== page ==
Enthusiastic support for Copeland prototype nuclear fusion reactor bid

Plans to proceed with the tendering process to build a prototype nuclear fusion reactor in West Cumbria were enthusiastically received.

The reactor would use fusion to potentially produce large amounts of energy – the same process that occurs naturally in the sun.

The Copeland Borough Council executive unanimously approved the proposals for entry into the Moorside site and “other suitable land owned by the NDA near Sellafield” in a bidding process to determine the location of a prototype nuclear fusion reactor.

The Copeland Borough Council is working with the Cumbria Local Enterprise Partnership (LEP) to put together the full application for the tender process, which is being carried out by the UK Atomic Energy Agency (UKAEA).

The bids must be submitted by the end of this month.

Scientists have been pursuing nuclear fusion technology for decades as a safe way to generate colossal amounts of electricity without emitting greenhouse gases or producing nuclear waste.

Conservative Gosforth and Seascale councilor and Copeland executive vice chairman David Moore described the project as exciting at yesterday’s board meeting.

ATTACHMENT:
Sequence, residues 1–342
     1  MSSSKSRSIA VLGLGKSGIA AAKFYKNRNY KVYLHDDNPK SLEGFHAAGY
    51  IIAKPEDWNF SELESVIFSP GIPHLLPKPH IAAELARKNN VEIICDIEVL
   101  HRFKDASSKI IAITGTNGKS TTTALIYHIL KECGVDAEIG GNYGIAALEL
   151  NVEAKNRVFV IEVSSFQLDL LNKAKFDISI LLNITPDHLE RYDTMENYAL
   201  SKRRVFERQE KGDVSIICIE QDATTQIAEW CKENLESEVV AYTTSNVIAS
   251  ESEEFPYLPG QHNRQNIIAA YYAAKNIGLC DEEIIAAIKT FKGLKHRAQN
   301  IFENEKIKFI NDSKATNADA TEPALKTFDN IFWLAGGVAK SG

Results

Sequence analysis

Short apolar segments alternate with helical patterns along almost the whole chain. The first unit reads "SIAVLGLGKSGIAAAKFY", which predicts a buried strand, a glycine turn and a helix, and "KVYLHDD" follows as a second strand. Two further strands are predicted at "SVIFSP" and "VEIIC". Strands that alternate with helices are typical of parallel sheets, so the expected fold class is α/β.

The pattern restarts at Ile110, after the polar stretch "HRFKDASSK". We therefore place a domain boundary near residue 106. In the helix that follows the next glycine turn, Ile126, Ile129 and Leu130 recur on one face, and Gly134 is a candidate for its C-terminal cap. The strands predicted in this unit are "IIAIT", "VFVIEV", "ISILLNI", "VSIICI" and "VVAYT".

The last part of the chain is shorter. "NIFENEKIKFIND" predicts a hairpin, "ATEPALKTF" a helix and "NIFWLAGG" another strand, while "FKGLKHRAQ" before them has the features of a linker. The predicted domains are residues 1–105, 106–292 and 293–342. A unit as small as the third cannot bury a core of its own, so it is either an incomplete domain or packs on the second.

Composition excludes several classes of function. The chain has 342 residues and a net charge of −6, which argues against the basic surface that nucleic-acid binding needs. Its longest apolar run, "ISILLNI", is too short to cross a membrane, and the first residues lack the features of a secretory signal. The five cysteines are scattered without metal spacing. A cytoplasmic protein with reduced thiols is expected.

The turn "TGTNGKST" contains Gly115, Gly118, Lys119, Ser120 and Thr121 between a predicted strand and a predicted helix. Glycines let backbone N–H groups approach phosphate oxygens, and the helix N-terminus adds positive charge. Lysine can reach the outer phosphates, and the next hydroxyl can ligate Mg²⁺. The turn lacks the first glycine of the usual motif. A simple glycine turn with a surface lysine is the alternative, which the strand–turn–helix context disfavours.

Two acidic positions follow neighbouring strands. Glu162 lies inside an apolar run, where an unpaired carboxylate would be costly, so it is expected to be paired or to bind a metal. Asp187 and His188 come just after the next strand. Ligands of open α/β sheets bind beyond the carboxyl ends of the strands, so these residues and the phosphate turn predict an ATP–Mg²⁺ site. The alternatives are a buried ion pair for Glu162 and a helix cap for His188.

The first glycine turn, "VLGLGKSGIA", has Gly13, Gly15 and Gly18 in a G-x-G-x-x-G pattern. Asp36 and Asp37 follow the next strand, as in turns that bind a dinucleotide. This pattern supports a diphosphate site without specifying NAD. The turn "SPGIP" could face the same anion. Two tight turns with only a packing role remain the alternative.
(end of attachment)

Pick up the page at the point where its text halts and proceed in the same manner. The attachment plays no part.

“Fusion has been talked about for 40 years,” said Moore, but added that based on current technological advances, a functioning fusion reactor is “likely about 20 years away”.

Mr Moore warned that it would be a “truly competitive process” but stressed that the area had a number of advantages, including the fact that there was already a lot of research and development in the nuclear sector, including the National Nuclear, houses laboratory in Sellafield.

“We also have the infrastructure,” said Moore, “but most importantly, we have the supply chain in place.”

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